Wednesday, August 21, 2013

So many worlds, so little time

Today’s subject is not literature or art.

Today’s subject is social studies.

Using all the mental powers I have in my arsenal, I have figured out that in that little map over there in the sidebar -------------->
Feedjit places a red dot in each country where someone has read my blog recently, except in the U.S. and Canada and possibly Australia, where it places a red dot in each state or province where someone has read my blog recently. [Note. Feedjit’s definition of “recently” is known only to Feedjit. --RWP]
So even though several, or many, or even thousands, of people in the country of Russia, say, may be reading my blog, Feedjit gives me exactly one red dot for that huge expanse of terra firma.

/sarcasm on/

Thank you, Feedjit.

/sarcasm off/

Another thing I have noticed -- maybe it is different on your map -- is that although I occasionally see a red dot or two in South America, I hardly ever see a red dot in Africa, only the occasional reader in Ghana or South Africa or Egypt. I know there are lots of people on that continent. Why don’t more of them read my blog?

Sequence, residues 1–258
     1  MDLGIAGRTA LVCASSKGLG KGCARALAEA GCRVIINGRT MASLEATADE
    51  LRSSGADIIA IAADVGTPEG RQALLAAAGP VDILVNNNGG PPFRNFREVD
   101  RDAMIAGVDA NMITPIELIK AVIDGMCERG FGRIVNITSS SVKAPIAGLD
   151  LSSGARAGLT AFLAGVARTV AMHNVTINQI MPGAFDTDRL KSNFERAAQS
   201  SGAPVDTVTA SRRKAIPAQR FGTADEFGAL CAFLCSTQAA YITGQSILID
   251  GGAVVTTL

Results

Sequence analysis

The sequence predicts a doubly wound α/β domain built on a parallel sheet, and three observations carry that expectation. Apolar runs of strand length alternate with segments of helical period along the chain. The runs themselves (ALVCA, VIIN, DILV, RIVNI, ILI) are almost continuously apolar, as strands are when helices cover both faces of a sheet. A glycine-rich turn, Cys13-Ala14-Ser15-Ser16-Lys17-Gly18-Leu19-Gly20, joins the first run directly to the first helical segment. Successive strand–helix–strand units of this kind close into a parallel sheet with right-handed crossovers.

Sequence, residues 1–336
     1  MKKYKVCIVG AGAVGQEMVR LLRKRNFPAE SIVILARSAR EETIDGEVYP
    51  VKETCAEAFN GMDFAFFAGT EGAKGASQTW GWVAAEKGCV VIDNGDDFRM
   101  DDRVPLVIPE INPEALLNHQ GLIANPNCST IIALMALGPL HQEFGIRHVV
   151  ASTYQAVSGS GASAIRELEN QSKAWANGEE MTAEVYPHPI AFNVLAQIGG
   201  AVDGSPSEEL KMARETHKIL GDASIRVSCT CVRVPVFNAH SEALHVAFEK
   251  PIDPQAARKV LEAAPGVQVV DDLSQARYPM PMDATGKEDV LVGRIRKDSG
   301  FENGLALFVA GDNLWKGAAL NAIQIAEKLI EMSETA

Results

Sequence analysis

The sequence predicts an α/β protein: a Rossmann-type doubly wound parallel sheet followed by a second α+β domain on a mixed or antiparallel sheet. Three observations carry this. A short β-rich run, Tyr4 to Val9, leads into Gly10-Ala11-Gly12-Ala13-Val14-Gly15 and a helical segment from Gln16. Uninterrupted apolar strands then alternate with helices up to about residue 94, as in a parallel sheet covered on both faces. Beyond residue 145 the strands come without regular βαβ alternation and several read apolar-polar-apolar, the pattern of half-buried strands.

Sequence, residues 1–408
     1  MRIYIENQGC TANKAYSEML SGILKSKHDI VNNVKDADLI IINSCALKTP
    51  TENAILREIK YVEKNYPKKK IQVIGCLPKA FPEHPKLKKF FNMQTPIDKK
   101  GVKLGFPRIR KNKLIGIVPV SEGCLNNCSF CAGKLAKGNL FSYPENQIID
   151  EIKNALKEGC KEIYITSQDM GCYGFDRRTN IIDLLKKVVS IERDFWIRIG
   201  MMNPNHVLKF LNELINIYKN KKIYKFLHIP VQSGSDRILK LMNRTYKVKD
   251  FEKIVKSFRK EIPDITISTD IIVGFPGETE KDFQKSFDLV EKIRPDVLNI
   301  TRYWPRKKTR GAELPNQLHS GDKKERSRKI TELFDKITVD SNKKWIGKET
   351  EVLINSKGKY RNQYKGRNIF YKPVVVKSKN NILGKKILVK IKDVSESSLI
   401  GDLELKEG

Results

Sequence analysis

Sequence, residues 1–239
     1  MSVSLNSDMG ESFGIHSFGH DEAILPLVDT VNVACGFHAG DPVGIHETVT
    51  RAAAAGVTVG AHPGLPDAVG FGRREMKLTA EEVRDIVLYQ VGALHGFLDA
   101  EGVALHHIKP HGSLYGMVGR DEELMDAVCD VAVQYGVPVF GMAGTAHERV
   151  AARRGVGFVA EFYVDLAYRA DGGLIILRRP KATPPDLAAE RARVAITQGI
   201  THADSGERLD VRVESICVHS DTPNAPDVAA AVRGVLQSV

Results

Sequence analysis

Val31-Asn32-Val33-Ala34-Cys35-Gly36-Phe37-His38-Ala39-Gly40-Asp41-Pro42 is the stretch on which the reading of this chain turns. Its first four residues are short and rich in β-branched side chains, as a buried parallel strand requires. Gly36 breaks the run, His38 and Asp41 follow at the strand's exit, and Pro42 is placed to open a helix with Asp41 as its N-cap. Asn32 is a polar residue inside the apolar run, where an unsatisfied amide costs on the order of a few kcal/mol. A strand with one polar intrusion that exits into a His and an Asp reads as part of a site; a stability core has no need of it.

In a post or a comment the other day I said there are currently 7.3 billion human beings living on planet Earth. I was wrong.
I’ll say it louder for the people in the back:

I WAS WRONG.

The current estimate is that 7,123,500,000 human beings live on planet Earth in 2013. [Editor’s note. I know that in the British scheme of things you call this number 7 thousand million, not
7 billion, and that what you call 7 billion we call 7 trillion, but what are a few zeroes among friends? As nothing, that’s what. --RWP]

We 7.1 billion people are distributed as shown below (the most recent year for which reliable statistics are available is shown in parentheses):

World (2012) 7,058,000,000

Asia (2011) 4,216,000 0002011

Northern Asia (Russia) 143,000,000
Western Asia 238,000,000
South Central Asia 1,800,000,000
South East Asia 602,000,000
East Asia 1,588,000,000

Africa (2012) 1,072,000,000

Northern Africa 213,000,000
Western Africa 324,000,000
Middle Africa (Central Africa) 134,000,000
Eastern Africa 342,000,000
Southern Africa 59,000,000